Three Ways to Understand Cliff Lee

Carson Cistulli · July 1, 2010 at 12:17 am · Filed Under Mariners 

It’s becoming clear at this point that, owing to his absurdly low walk rate and his general ownership of every frigging major league batter, that the pitcher we’re witnessing right now in Cliff Lee is one that we’re unlikely to witness again before we shuffle off this mortal coil.

Though there’s obviously room to analyze Lee’s historic half-season, another very popular tact — one of which I heartily approve — is merely to enjoy it.

Thing is, though joy is easy to experience, it’s more difficult to articulate. Of course, that doesn’t mean we shouldn’t try.

It’s with that in mind that I present this to you, the readers of U.S.S. Mariner — three brief attempts to understand (and celebrate) Lee’s accomplishment to date.

I, one time, went to a funeral for a young woman I’d known in high school. She was in her second or third year at RISD when she died and it was a sad thing to’ve happened. Very sad. Except, towards the end of this girl’s funeral, a math teacher from our high school spoke. He was (and, I can only assume, still is) a spirited Greek person — like, actually from Greece — and he said about the young woman, “I think God took Addi [that was her name] because he wanted to have a new great artist in heaven with Him.” His message, more celebratory than sorrowful, was well received by everyone in attendance.

It’s with almost no part of my tongue in my cheek that I suggest this is a legitimate concern with regard to Cliff Lee. If God is in the business of snatching from us our most excellent specimens, then Mariner fans ought to worry less about Lee being traded to a playoff contender and more about him getting recruited for some manner of celestial baseballing league.

After his most recent start — a complete game victory at the Yankees, mind you — really the only thing Lee would talk about is how he walked a batter. Literally, a batter. “I’m not too pleased about it,” Lee said. “My goal coming into the season is not to walk anyone for a whole season.”

Let’s play a game of This One Thing Is Like This Other Thing.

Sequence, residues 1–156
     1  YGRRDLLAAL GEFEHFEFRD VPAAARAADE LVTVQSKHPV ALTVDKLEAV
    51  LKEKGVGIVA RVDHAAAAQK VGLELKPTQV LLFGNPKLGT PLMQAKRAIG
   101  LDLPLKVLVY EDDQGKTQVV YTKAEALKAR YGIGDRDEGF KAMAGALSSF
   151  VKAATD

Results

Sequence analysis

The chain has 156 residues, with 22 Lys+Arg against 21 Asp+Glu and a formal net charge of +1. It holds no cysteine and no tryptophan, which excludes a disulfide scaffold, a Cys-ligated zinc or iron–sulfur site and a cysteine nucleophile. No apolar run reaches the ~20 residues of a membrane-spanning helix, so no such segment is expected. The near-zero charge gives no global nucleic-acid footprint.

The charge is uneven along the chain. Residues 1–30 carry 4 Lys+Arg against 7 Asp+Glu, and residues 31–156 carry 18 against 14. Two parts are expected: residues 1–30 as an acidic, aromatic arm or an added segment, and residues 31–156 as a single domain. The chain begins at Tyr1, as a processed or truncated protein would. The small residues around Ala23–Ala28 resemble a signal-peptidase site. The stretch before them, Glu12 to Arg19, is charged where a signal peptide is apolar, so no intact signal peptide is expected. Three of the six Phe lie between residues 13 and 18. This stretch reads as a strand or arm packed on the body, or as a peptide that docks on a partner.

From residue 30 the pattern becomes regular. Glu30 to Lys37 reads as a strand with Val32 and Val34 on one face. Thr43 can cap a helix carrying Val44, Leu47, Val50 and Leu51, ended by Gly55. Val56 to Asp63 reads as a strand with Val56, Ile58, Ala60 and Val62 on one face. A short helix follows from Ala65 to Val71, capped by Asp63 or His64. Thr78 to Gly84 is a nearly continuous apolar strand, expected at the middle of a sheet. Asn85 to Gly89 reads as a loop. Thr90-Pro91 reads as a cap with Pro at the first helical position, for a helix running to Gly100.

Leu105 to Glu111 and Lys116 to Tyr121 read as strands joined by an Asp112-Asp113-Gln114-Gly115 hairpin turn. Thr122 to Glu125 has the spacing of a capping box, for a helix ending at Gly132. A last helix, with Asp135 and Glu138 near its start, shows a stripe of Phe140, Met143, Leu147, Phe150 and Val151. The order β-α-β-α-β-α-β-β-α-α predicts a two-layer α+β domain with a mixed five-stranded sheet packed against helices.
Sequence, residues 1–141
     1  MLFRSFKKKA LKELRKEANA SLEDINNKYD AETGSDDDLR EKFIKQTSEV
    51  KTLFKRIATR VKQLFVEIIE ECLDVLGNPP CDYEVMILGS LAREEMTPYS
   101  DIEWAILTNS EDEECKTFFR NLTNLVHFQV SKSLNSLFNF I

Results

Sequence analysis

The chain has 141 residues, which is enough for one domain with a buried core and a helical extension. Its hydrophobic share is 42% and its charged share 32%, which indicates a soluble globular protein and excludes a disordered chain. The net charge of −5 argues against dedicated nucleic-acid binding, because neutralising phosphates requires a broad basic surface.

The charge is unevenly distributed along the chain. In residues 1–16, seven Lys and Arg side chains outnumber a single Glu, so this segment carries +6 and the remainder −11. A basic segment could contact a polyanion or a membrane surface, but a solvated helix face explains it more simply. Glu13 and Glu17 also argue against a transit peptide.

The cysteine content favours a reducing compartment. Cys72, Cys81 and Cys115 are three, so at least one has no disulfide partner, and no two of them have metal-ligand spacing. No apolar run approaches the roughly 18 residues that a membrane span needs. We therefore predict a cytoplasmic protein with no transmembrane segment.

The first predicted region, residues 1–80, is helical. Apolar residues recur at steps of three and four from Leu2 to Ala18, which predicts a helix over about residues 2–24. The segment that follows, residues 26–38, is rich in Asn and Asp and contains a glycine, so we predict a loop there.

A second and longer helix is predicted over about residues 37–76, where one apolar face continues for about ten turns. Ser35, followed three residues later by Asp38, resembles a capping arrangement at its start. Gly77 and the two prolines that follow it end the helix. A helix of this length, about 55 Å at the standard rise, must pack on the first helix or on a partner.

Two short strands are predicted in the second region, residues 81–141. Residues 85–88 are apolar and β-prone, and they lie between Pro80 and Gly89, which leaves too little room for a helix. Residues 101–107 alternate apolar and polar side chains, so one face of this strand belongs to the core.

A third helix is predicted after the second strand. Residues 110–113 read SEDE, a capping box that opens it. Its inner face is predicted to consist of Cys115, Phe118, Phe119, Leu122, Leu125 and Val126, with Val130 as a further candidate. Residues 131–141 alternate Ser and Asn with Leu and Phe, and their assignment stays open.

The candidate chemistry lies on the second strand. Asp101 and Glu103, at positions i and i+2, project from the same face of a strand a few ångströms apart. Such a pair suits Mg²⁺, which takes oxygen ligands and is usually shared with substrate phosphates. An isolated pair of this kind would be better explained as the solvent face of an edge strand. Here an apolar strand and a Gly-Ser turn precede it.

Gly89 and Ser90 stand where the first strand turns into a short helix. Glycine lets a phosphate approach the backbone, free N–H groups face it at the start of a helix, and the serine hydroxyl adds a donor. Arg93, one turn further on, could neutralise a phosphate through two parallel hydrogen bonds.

Ready? Let’s go.

That one thing Lee said is kinda like this other thing Bill James said, on the last page of the last Bill James Baseball Abstract Newsletter, as follows:

“I have a cold, cold horror of failing people. In many ways my life is dominated by a fear of disappointing people.”

Perhaps it’s been said before, but it can also probably be said again: to operate at the highest level in one’s field is very likely not a function of wanting or willing oneself to do well, but, much more likely, a function of not wanting to fail. Regardless of whether it’s disappointing other people (as in the case of James) or disappointing one’s own self (as with Lee), that doesn’t matter.

Apropos the above — specifically, Lee’s comment about setting a goal of not walking anyone for a whole season — here’s the only possible reaction for a normal person to have: Cliff Lee is insane.

But Ralph Waldo Emerson, in his essay “Self-Reliance” — which, alot of people don’t know, is actually about Cliff Lee — in that essay, Emerson reminds us, “to abide by our spontaneous impression with good-humored inflexibility then most when the whole cry of voices is on the other side. Else to-morrow a stranger will say with masterly good sense precisely what we have thought and felt all the time, and we shall be forced to take with shame our own opinion from another.”

Perhaps a pitcher before now has suggested that it was his intention not to walk a batter for an entire season. However, if this is the case, I don’t remember it. Really, it’s as if Cliff Lee has invented this concept, has even dared to imagine that one could navigate his way through a complete major league season without walking even a single batter — and, in so imagining, has almost accomplished it.


22 Responses to “Three Ways to Understand Cliff Lee”

  1. greentunic on July 1st, 2010 1:20 am

    To add to your first point, which was rather touching honestly,

    Mr. Lee’s ability is so special right now, that it BELONGS in the World Series. I want to see him pitch for the Twins or the Mets to win a championship. This absurd performance of his needs to be seen, appreciated, and contributed to baseball lore.

  2. maqman on July 1st, 2010 2:07 am

    Amen to the above.

  3. J.L. White on July 1st, 2010 2:59 am

    Hey, Lee just pitched in the World Series last year. Although it would be smart for the M’s to trade him to improve long-term, I don’t think it would be below Cliff Lee if he stuck around and won a Cy Young award as a Mariner.

  4. joealb1 on July 1st, 2010 7:10 am

    Dennis Eckersley.

  5. kcw2 on July 1st, 2010 7:18 am

    Well done, sir.

  6. robbbbbb on July 1st, 2010 7:47 am

    Ralph Waldo Emerson? What team does he play for?

  7. Rusty on July 1st, 2010 7:49 am

    I say the M’s should trade him now and then sign him as a free agent next year when his goal will likely be to draw a negative number of walks.

  8. SunDevil1 on July 1st, 2010 7:52 am

    I agree with Tunic. And as we all know, every truly great artist, or cosmologist, or athlete, is in fact insane.

  9. Carson on July 1st, 2010 8:39 am

    Joe Montana once said:

    “I don’t think it’s the want to be good, or the want to win. It’s more so the thought of failure that scares you into wanting to be the best you can be.”

    So, yeah. I think there is some validity to point number two. Anyone who is at the top of their profession is likely very concerned with failing themselves and their teammates/co-workers. Perhaps family and fans in the case of athletes, also.